Contemporary Perspectives on English as a Medium of Instruction
Paul Chamness Iida
A volume in the series: Contemporary Perspectives on Learning Environments. Editor(s): Erin A. Mikulec, Illinois State University. Hayriye Kayi-Aydar, University of Arizona.
Call for Chapters
About the Theme
English Medium Instruction (EMI) is the use of English to teach academic content in countries where English is not the first language. In 2014, Julie Dearden and the British Council published a comprehensive report on EMI and found that there is rapid growth in EMI around the globe and that there is often official government support for EMI programs. They also found a mix of attitudes, both enthusiastic and lukewarm support, in favor of EMI, but that one of the potential concerns is that EMI may leave those with a lower socio-economic status without access. Another concern in their findings was EMI might lead to the undermining of the first language and/or national identity.
The goal of this volume is to be a venue to explore many current perspectives on EMI, from empirical data to theoretical considerations, to putting the theory into practice in practical classroom applications. Chapters may examine K-12 and/or higher education contexts, specific institutions, countries, or regions, among just a few considerations.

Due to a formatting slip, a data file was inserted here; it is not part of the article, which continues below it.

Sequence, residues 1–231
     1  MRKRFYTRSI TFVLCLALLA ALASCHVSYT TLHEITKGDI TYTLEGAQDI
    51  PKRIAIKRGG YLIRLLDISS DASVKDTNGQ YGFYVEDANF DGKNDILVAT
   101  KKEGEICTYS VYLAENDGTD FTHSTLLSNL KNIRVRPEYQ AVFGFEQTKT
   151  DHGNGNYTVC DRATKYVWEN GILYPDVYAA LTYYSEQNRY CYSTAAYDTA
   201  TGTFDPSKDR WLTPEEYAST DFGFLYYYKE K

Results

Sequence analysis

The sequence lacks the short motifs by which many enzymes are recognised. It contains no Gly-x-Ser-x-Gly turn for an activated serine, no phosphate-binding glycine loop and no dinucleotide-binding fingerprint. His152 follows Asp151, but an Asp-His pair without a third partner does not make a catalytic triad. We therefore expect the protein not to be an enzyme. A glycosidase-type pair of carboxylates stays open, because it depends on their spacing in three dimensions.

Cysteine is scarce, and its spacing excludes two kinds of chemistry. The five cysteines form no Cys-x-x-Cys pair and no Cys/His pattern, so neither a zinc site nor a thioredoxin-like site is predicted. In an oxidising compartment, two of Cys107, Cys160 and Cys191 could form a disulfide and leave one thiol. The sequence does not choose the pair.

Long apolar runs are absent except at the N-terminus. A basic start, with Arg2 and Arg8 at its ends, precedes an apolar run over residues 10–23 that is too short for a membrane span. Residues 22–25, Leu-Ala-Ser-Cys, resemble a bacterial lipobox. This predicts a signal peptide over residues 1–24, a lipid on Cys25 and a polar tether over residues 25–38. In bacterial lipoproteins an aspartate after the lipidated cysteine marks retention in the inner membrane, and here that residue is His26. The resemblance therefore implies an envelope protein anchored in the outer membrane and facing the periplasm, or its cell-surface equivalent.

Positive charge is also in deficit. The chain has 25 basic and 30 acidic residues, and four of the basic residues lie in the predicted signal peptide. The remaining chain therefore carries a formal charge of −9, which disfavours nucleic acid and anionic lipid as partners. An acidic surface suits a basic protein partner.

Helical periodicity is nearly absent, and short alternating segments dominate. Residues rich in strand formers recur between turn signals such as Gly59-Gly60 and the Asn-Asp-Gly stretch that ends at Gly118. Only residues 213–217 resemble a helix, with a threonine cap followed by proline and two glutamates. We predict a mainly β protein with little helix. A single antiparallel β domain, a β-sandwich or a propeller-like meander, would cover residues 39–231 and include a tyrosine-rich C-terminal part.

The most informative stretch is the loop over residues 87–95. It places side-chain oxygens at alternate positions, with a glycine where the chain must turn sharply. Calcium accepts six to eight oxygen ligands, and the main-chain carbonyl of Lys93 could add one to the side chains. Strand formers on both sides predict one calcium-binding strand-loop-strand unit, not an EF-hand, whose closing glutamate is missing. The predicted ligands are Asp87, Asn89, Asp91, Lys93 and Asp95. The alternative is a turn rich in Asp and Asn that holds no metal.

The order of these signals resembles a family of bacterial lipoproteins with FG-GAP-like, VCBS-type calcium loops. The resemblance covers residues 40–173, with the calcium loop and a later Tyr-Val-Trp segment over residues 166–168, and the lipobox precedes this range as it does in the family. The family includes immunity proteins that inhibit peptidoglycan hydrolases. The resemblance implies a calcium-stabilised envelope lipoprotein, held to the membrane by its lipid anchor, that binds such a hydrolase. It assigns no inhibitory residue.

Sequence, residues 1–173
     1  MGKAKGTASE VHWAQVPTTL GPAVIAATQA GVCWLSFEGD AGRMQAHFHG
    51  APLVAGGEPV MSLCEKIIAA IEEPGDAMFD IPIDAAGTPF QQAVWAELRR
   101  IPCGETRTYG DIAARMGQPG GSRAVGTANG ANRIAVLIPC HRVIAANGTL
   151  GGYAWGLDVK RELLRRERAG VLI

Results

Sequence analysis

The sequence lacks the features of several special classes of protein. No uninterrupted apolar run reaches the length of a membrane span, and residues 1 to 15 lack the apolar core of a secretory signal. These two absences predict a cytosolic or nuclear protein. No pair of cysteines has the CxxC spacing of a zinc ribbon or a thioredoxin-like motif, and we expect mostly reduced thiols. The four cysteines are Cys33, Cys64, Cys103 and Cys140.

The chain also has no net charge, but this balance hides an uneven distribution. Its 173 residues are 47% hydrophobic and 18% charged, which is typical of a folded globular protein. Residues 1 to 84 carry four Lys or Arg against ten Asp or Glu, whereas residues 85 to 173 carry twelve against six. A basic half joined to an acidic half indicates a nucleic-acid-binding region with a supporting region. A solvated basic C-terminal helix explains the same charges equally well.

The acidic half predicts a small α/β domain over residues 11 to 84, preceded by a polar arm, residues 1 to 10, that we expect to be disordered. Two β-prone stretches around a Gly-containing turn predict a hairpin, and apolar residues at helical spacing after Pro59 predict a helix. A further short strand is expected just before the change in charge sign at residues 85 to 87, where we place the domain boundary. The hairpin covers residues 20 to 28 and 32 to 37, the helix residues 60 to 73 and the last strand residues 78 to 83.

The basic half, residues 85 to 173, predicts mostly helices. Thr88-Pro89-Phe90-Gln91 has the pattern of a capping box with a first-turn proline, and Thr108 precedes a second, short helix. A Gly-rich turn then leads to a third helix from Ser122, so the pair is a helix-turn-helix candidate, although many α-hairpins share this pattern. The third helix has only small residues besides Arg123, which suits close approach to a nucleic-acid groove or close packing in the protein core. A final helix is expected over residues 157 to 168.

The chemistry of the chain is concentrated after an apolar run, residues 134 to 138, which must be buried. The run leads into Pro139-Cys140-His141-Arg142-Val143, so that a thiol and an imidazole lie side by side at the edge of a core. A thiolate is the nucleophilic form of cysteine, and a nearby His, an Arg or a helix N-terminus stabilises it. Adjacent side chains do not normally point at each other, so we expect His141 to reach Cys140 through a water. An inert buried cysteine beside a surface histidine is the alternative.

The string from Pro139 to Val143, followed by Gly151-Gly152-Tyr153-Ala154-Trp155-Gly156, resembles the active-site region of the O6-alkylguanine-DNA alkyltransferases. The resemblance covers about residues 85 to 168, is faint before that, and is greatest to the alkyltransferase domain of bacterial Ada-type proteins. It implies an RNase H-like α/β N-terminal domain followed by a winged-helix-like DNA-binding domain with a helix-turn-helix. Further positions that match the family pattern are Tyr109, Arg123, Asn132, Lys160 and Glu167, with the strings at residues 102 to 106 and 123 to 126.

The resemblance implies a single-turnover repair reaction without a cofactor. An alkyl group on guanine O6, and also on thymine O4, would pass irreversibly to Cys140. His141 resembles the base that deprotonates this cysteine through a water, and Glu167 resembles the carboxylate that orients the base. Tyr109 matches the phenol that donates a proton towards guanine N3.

Possible topics might address one or more of the following (but not at all limited to these topics):
• Effectiveness of language learning in EMI settings
• Attitudes toward EMI
• Practical applications of EMI
• Problems in implementing EMI
• Why students choose EMI over other educational settings
• Access (issues of privilege, socio-economic class) as it relates to EMI
• Policy issues with EMI
• Advantages and/or disadvantages of EMI during and after education
• Status in EMI contexts (attitudes toward those who have native-like ability)
• Issues that non-language faculty face teaching in EMI contexts
• Issues in learning content in EMI settings
• Teacher training/education for EMI contexts
Brief description of intent to submit: October 31, 2018
Initial drafts of chapters due: January 31, 2019
Feedback for revisions sent to authors: February 28, 2019
Final chapters due from authors: March 31, 2019
Volume submitted for publication: April 30, 2019
Please send a brief message to the editor by October 31, 2018 with a brief description of your intent to submit a chapter (working title, short description/abstract). Although chapter length is flexible, manuscripts should ideally be between 6,000 and 7,500 words (20-25 pages, double-spaced) and prepared following APA 6th edition formatting guidelines. Full manuscripts should be submitted by January 31, 2019 to Paul Miller at email@example.com. All chapters will go through a blind review process before a decision to publish is made.
- This title is in development and is not yet available to order online. Please call the IAP office for more information: 704.752.9125